On how to be a good codemate by Brian Lee.

Some takeaways/interesting points:

  • It has everything to do with settings expectations on how you communicate and collaborate within a shared codebase, not your coding ability or quality
  • tell your teammates how to test your workflow, hook the script (unit test, integration test, or bash script) into CI so your codemates can't accidentally break you, tests are the only scalable way to inform your team on how to not break your code.
  • changes requiring manual steps need to be announced publicly, ex: updated dependency, changes in AWS account permissions. The pro move is to use tools that transparently and automatically install and use currently checked-in configs
  • effort in writing actual code is in equal parts of packaging code that satisfies all automated linters, test coverage requirements, links to tickets, and other blocking requirements
  • adopt mindset of investing in formatters that automatically fix formatting issues, than linters that nag you about issues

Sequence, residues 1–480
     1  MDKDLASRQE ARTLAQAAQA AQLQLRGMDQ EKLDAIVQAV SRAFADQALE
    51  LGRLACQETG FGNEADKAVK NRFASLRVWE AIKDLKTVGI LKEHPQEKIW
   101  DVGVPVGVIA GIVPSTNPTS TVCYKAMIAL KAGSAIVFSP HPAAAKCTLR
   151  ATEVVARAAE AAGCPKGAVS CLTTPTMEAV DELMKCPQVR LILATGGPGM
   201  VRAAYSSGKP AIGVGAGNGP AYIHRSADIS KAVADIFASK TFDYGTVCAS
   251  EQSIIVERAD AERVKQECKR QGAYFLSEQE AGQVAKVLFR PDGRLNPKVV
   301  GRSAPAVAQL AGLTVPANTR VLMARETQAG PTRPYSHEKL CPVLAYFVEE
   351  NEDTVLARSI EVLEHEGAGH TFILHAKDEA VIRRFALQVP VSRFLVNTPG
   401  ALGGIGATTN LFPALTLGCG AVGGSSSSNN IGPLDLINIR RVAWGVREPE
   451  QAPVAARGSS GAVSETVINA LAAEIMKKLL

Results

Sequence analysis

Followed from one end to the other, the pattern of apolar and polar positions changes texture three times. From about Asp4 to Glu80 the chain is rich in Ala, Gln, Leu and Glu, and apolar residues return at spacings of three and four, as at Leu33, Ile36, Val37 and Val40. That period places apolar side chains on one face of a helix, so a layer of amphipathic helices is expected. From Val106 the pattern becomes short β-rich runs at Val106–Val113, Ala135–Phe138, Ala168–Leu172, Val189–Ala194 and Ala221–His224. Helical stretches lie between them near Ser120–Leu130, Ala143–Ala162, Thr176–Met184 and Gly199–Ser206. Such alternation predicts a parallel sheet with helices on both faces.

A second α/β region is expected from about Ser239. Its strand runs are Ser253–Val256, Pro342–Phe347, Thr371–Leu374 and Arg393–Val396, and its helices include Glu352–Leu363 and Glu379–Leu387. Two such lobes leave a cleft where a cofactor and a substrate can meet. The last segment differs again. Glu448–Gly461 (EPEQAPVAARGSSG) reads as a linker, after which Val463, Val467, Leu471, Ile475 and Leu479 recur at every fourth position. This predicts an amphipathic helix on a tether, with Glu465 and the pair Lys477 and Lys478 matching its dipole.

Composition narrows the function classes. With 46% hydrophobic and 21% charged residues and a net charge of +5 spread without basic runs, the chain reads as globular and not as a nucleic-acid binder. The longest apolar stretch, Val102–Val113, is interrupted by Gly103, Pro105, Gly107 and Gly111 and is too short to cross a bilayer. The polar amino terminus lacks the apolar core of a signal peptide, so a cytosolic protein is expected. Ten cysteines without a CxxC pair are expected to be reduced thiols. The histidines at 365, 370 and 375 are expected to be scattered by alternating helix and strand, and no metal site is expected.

• One common toe-stepping maneuver is refactoring - renaming modules, moving functions/classes around. Merge conflicts are inevitable
  • Refactoring benefits: compress mental map needed to understand how the codebase works.
  • Refactoring cost: people need to relearn their mental map, a needless refactor is like sorting a bookshelf by color - unnecessary and productivity killer
  • Two rules for refactoring: (1) Don't Refactor, get formatting and naming right the first time, (2) don't mix refactors with feature changes, refactoring changes are 10-100x easier to review than normal feature-adding changes. Look at Google monorepo for managing refactors at larger scale
  • flake tests build up in CI, causing it to rerun multiple time before passing, CI runtime only increase, and eventually people stop trusting CI. senior eng become reviewing bottlenecks.
  • Adopt "leap of faith" strategy and pretend CI can be trusted, and figure out tests that can catch your mistakes, and add it. The cost of breaking main branch is equally expensive to suffer through worry-laden code review process.
  • Have a quick rollback procedure to mitigate accidental breakage.
  • The ultimate solution is to embrace Conway's law, shard codebase along organizational lines, reduce O(n^2) cost of coordinating people's work